Will the controversial Book Cliffs Highway proposal boost tourism or boost oil and gas production?

The Eastern Utah Regional Connection Project would cut travel times between Vernal and Moab, but critics doubt its motivations.

(Rick Egan | The Salt Lake Tribune) Another planned highway that would cut through the Book Cliffs in Grand County and join State Road 45 south of Vernal is being considered, as pictured here.

A coalition of rural county governments in Utah approved $ 2.8 million last week to advance environmental impact assessment for a long-debated highway project that proponents say would bring more tourism to northeastern Utah.

The Book Cliffs Highway, also known as the Eastern Utah Regional Connection Project, would connect the Vernal area of ​​northeast Utah to I-70, reducing travel times through the region.

“We consider this road to be of regional importance and importance,” said Mike McKee, executive director of the Seven County Infrastructure Coalition. “We don’t have a really good north-south connection and that’s what this road does.”

At a meeting last week, the coalition passed resolutions increasing a $ 1 million contract with CIVCO Engineering to $ 2.8 million. The company will produce an environmental analysis of the project which will be used to assist the Bureau of Land Management in preparing the required environmental impact statement.

Grand County, where most of the construction would take place, is not part of the seven-county coalition, and district officials are opposed to the project, which they believe is costly, unnecessary and raises environmental concerns.

“I think it’s pretty rude and disrespectful for the Seven County Infrastructure Coalition to propose a highway in Grand County,” said Grand County Commissioner Kevin Walker, who sits on several regional transportation committees. “There is no attempt on their part to work together because they know we are against it.”

The Book Cliffs Highway has been a focal point in the region for over three decades. It was proposed in the 1980s as a way to cut costs for oil and gas companies looking to develop fossil fuels in southern Uintah County.

But McKee, who served on the Uintah County Commission for 14 years, said this was a “misrepresentation” of the current motivations behind the project. “Maybe it was right once, but I don’t think so anymore,” he said.

McKee argued that oil companies would be far more likely to take advantage of a planned – and equally controversial – railroad project in the Uinta Basin that could quadruple oil production in the area if it overcomes pending lawsuits from environmental groups.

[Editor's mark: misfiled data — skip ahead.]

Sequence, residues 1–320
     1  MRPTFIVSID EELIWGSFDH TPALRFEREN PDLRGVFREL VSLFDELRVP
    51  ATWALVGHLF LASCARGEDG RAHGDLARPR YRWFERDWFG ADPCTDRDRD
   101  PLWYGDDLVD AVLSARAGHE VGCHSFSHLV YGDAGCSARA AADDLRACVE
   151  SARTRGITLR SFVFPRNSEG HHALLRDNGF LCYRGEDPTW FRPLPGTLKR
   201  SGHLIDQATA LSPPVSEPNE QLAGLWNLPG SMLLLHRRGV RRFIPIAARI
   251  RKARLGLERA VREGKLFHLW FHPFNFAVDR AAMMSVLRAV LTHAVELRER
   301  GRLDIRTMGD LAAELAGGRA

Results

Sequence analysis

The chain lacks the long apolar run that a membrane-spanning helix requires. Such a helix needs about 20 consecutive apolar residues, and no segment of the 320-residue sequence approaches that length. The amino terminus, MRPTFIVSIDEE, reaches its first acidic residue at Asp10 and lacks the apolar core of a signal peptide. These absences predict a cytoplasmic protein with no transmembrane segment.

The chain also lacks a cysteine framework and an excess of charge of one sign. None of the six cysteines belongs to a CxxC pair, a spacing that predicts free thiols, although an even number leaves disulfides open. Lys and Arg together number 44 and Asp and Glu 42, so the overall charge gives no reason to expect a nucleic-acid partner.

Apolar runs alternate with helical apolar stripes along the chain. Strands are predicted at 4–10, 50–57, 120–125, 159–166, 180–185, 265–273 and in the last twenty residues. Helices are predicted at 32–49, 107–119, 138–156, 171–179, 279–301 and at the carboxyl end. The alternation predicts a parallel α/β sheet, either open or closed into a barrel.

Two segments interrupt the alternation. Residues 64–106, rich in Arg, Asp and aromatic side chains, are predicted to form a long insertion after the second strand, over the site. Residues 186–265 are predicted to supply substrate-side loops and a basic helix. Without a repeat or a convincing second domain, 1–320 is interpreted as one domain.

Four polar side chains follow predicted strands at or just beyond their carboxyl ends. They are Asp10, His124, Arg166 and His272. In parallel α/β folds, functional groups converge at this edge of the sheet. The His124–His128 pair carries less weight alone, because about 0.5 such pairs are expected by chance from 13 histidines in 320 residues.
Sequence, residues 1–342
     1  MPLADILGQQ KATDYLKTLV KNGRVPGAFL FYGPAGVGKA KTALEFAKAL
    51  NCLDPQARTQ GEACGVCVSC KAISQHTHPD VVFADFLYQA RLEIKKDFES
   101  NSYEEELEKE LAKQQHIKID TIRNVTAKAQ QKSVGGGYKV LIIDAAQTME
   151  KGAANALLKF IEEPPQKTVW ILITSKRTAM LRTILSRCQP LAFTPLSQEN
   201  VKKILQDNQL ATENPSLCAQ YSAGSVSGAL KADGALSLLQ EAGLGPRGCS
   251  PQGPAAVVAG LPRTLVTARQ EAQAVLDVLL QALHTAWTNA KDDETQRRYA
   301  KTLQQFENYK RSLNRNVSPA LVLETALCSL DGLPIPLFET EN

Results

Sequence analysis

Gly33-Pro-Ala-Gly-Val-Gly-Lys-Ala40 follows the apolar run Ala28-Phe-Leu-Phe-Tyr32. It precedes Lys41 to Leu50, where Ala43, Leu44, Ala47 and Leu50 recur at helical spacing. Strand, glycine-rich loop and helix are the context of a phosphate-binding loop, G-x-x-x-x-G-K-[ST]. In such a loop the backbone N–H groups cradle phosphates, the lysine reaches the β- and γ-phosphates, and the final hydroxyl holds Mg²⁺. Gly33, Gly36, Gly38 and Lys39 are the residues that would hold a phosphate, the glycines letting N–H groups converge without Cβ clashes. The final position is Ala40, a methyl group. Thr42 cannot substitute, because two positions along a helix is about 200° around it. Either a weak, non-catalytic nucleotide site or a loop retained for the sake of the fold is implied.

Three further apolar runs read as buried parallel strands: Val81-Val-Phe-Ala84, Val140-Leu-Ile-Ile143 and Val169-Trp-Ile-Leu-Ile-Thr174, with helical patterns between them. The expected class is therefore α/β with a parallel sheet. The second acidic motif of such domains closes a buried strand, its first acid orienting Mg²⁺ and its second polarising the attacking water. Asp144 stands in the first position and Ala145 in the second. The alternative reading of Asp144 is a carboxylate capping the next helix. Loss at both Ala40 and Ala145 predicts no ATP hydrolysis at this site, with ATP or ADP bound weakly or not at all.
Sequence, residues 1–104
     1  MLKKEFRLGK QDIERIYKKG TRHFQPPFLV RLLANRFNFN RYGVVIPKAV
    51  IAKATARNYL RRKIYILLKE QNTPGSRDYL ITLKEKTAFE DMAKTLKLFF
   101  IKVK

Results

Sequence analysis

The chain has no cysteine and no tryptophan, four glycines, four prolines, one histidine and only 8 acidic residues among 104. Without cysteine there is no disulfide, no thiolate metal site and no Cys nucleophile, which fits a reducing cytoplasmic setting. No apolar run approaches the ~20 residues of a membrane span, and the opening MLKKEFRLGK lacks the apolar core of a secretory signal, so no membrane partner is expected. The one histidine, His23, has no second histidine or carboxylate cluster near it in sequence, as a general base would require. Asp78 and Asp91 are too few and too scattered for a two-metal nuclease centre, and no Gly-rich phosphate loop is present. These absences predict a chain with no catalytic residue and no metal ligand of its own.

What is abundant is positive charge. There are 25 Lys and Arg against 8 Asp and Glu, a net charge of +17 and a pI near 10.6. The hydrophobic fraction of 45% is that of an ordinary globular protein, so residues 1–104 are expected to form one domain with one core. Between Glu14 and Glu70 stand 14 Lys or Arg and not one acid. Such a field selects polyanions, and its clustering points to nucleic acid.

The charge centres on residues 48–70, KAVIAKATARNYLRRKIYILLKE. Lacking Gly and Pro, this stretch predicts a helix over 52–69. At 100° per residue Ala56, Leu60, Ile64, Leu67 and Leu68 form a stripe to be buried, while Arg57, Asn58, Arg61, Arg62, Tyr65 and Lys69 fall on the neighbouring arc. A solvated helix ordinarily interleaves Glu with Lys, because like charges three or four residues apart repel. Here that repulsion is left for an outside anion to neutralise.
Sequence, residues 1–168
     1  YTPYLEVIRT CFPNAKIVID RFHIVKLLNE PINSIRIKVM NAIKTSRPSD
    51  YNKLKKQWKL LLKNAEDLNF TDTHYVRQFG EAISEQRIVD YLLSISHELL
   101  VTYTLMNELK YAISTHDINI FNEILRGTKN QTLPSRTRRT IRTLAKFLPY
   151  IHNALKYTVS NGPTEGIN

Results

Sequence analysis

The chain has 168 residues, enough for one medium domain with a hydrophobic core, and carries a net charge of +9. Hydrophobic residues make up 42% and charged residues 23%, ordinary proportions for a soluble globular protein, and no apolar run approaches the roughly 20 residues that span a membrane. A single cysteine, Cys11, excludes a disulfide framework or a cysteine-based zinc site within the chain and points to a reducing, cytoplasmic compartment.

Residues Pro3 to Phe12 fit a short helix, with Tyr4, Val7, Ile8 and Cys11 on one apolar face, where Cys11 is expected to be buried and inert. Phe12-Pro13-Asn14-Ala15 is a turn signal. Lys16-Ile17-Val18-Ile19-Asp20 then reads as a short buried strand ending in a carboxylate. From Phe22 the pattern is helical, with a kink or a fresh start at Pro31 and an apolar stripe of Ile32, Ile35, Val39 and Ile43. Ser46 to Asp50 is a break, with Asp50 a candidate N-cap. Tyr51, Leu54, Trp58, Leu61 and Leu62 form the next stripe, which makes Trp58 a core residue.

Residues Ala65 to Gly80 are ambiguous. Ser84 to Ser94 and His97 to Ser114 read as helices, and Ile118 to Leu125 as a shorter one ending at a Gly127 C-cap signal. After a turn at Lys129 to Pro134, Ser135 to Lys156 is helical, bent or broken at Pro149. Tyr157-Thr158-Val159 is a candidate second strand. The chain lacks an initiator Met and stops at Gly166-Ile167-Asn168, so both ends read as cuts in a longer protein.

“I’m not going to say that there never would be[n oil] Truck that would go up or down the road because highways are open, “he added,” … but we see this road as a travel and tourism route. “

McKee said the road would bring more business to Utah as tourists travel from popular destinations like Arches and Canyonlands National Parks to lesser-known recreational areas like Flaming Gorge Reservoir and Dinosaur National Monument instead of taking what is currently the fastest route through western Colorado .

According to CIVCO Engineering, the route preferred by the developers would cut the current 3-hour and 40-minute journey between Moab and Vernal by 36 minutes. Several routes for the project are still being considered, however, and Grand County Commissioner Sarah Stock estimates the project could save only about 20 minutes based on an analysis of a 2014 report by the Utah Department of Transportation.

With an estimated cost of between $ 200 and $ 400 million for the 35-mile highway and limited likely tourist traffic, Walker questioned the economics of the project.

“This road makes absolutely no sense if you’re trying to get from Vernal to Moab,” he said. “But it makes a lot of sense if you’re trying to get to I-70 from southern Uintah County, where the oil and gas is.”

Over the past few years, it has been difficult given the number of less controversial Utah highway projects awaiting funding, but McKee said President Joe Biden’s proposed infrastructure design could fund the project.

Deeda Seed of the Center for Biological Diversity, who believes oil and gas interests are still driving the project, is skeptical. She said the $ 2.8 million in taxpayer dollars used on the environmental analysis is likely to be wasted in Utah.

“How likely do we think it is that the Biden government,” Seed asked, “which has made tackling the climate crisis a priority, will sign a grant to build a highway, the main purpose of which is to help the fossil fuel industry . “, And would it also devastate one of the largest areas in the Lower 48 without a motorway as a result of its development?”

The Book Cliffs, she added, are “a critical habitat for wildlife and an ecologically very special place”.

According to a report by KUER, the project has also met resistance from landowners along the proposed route.

But McKee said critics are too quick to beat up the proposal. He encouraged the public to learn more about the project and to pay attention to the public comment period that will be part of the environmental impact statement.

“It is a fully public process where people on all sides can express their positions and opinions,” he said. “That is what this process with the EIS is about – about the transparency of the public process.”

Zak Podmore is a member of the Report for America Corps for the Salt Lake Tribune. Your donation, which is equal to our RFA grant, will help him write stories like this one; Please consider making a tax-deductible gift of any amount today by clicking here.

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